[aprssig] Appalachian Trial Golden Packet!
bruninga at usna.edu
Sun Mar 15 10:13:04 CDT 2009
Did some more thinking for the Appalachian Trail Golden Packet. Here are some possible refinements for the operations plan:
STATION ABREVIATIONS: We need very condensed station tactical nomenclature. Ideally we could use a single byte using A-Z and 0-9 for 36 hops. But this would be impossible to coordinate, since any change would affect ALL participants over the entire 2000 miles. So I propose two bytes. We break the trail into 6 regions where each region should be able to make the links with 5 or 6 peaks each. Then we can refer to the region by first letter and a digit to represent the peak in that region.
M# for Maine
E# for New England
N# for Ny/Nj
P# for PA
V# for Virginia
S# for the southern states
STATION CALLS: We could use ATX-# where X is the byte above and # is the SSID. (Most APRS software expects at least 3 letter callsigns).
STATION TEXT: Each station begins with simply his FCC call as his only position text. But as he begins to see other stations, he can "qsl" them by inculding their X# in his text. Example: WB4APR,V1,P6 which means WB4APR can see other stations as far south as V1 and as far north as P6 and all stations in between.
FREQUENCY: This will be hard, but we have got to find an underused packet frequency that is pretty clear along the entire east coast. But we can all easily monitor from our shacks in preparation to find any hot spots.
UIFLOOD PATHS: We only need to trace the message paths, not the station postions paths. This will drastically reduce the length of each packet. So we set all portable digipeaters with UIFLOOD set to HOP and NOID. This will support HOP7-7 paths for position reports. As we watch APRS we can see the trail stations appear + and - 7 hops in both directions from each site.
UITRACE PATHS: The special messages (Golden Packets) will use the Traceable TEMP7-7 paths for accountability.
MESSAGES: We will use ONLY BULLETINS (BLNx) say NORTHbound and only ANNOUNCEMENTS (BLN#) southbound. This eliminates ACKS and QRM.
RE-TRANSMISSION: This is the key to concise operations, and I am not sure I have a final suggestion here. But once a packet has gone 5 or 6 hops or so through a region, the very long traceable path has to be stripped off and re-launched with a new TEMP7-7 path. My thinking is that this re-initiation would occur at each of the "region" boundaries. This makes it easy to abbreviate passage along the 5 or 6 hops in that region by simply inserting the LETTER for that region.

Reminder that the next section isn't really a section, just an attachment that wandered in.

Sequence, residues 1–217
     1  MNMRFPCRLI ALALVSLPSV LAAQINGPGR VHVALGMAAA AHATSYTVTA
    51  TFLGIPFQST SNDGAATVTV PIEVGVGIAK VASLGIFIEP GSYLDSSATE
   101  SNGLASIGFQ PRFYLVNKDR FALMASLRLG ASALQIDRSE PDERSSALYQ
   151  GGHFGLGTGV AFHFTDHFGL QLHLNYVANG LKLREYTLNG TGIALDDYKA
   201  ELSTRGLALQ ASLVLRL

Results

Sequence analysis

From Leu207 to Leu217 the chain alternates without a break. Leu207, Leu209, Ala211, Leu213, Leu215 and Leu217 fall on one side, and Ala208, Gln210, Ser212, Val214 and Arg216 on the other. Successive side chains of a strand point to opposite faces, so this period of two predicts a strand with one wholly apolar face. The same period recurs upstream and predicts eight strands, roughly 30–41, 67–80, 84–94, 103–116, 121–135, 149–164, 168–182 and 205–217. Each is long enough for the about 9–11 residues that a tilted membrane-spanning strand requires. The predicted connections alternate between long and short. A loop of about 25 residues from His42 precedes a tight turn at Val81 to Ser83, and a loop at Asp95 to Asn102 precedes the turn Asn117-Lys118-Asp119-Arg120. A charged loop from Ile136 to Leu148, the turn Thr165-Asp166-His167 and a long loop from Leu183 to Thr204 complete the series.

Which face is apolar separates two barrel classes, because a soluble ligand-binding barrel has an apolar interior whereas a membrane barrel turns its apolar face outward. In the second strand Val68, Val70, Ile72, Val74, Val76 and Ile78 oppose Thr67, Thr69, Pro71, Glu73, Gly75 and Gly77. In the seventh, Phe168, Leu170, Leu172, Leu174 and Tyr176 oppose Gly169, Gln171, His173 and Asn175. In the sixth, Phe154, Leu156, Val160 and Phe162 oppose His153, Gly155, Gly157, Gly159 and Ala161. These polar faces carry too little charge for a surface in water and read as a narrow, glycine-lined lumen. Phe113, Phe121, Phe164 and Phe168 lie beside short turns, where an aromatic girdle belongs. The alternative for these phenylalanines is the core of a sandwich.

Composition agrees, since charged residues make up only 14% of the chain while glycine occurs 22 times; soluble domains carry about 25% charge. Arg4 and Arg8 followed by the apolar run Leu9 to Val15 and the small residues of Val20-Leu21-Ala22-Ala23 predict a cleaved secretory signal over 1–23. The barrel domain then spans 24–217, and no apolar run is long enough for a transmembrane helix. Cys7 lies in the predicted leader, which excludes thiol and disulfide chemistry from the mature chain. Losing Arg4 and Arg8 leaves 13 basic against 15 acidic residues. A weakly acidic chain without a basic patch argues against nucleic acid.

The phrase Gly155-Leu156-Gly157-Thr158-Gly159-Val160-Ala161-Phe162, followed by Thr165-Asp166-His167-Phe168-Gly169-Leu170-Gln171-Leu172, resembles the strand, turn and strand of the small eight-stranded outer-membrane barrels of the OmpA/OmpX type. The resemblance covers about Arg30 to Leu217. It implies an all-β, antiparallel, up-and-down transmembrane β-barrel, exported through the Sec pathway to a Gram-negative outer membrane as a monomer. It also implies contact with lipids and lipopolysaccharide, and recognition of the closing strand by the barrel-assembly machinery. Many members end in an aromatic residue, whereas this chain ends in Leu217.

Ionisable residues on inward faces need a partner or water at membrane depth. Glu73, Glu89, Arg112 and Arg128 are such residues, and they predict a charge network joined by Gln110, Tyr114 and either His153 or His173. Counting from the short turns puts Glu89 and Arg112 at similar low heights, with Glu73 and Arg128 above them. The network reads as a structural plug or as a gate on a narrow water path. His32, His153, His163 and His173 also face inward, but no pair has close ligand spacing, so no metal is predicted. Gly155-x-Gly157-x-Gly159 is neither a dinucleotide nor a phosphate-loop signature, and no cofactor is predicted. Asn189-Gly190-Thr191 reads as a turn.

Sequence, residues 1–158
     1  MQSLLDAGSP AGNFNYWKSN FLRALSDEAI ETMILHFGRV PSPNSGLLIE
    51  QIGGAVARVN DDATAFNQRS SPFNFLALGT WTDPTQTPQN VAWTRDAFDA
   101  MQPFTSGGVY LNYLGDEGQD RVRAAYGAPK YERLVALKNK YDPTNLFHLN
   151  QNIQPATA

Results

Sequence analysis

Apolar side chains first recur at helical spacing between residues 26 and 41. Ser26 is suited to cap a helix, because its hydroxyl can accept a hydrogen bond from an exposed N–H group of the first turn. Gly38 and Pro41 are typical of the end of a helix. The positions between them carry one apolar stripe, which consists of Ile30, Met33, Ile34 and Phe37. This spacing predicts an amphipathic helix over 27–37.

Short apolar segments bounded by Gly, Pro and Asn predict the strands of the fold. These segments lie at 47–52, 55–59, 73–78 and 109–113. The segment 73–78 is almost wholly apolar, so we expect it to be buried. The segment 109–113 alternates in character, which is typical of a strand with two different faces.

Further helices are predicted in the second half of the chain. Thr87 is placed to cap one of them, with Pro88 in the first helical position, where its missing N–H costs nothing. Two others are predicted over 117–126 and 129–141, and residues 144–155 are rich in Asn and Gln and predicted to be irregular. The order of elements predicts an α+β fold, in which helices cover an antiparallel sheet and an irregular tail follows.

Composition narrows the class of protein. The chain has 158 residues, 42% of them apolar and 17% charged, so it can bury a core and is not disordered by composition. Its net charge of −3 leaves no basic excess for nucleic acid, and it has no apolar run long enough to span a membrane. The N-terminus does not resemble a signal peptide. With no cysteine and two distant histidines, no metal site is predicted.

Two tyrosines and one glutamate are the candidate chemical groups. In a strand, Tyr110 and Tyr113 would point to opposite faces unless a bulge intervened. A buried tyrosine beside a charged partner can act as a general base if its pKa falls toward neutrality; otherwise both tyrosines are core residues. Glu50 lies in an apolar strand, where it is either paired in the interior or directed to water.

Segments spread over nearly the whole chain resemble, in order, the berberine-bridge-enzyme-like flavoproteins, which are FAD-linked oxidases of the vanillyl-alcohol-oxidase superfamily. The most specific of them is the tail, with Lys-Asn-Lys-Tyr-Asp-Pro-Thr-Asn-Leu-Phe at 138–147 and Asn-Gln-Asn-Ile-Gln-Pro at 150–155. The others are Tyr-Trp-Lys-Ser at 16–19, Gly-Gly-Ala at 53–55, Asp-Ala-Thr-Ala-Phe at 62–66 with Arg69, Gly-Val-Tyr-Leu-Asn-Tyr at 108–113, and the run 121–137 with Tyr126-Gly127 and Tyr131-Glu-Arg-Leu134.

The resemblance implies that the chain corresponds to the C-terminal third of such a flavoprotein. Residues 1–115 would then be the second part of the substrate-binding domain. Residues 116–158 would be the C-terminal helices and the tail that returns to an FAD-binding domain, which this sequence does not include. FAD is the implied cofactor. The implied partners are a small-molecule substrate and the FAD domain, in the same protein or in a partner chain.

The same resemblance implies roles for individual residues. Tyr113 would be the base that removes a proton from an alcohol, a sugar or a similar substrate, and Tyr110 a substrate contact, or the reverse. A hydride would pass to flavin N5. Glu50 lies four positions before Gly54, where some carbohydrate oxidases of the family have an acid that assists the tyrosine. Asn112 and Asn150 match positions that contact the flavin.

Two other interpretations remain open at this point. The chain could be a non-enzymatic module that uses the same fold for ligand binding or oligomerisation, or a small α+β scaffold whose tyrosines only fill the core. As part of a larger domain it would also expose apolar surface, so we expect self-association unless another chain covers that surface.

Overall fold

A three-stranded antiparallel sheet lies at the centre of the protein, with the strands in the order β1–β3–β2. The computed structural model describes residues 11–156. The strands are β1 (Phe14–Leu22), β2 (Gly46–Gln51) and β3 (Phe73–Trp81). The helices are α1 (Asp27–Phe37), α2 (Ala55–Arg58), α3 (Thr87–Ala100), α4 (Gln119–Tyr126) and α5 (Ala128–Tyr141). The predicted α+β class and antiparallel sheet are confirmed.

So a north bound Golden Bulletin would begin at Springer Mountain as a BLNA, but once it gets through all the Southern region peaks to VA, the bulletin would be started over as a BLNAS (showing it passed through all the "S" southern peaks successfully). When it gets to PA, then it would be regenerated as BLNASV and so forth. On arrival at Mount Katadin in Maine it would arrive as BLNASVPNE and would also have the last 7 actual HOPS in its header.
Since the originators call will be lost at a retransmission station, then the first 3 bytes of the re-transmitted bulletin will be the originators abbreviation (and a colon).
Eample: "BLNASVP ... S1:What hath APRS wrought?" would be a message originated at station S1 that has made it through all the SOUTH, VA and PA peaks...
So to pull this off, we only need to have 7 full function APRS packet stations at these key regional boundaries for easy re-entry and typing of the message and all the rest of the stations can simply be a D700 mobile (or portable KPC-3 TNC digi) parked at the right place!
Oh, we also of course need a UHF voice coordination channel.
SWITCHING PATHS: To be able to switch between the HOP7-7 and TEMP7-7 paths for our positions and for our messages, I suggest:
1) use the high power portable digi itself to send the MESSAGES via TEMP7-7. And disable its own position packets.
2) Use an HT or other APRS station to send the local station position via HOP7-7. It will get picked up by the co-located higher power digi and propogated efficiently (without the cumbersome traceable TEMP7-7 overhead).
---- Original message ----
>Date: Sat, 14 Mar 2009 23:57:40 -0400 (EDT)
>From: "Bob Bruninga " <bruninga at usna.edu>
>Subject: Re: [aprssig] Appalachian Trial Golden Packet!
>To: TAPR APRS Mailing List <aprssig at tapr.org>
>> Imagine getting an APRS packet all
>> 2000 miles from one end of the Appalachian
>> Trail to the Other!... in about 40 hops...
>Well, got out the trail maps with my son this evening, and it was immediately apparent that the strategy must be to ZIG/ZAG between mountain ranges rather than trying to shoot straight along the AT range. Since the AT is straight along the ridgeline, then, the height of average terrain between the peaks is only a few hundred feet difference, limiting line of sight distances only in the 20's of miles.
>But by zig/zagging from one mountain range to another, we can take advantage of THOUSANDs of feet difference in heights above average terrain between peaks across valleys and should be able to get much much farther per hop.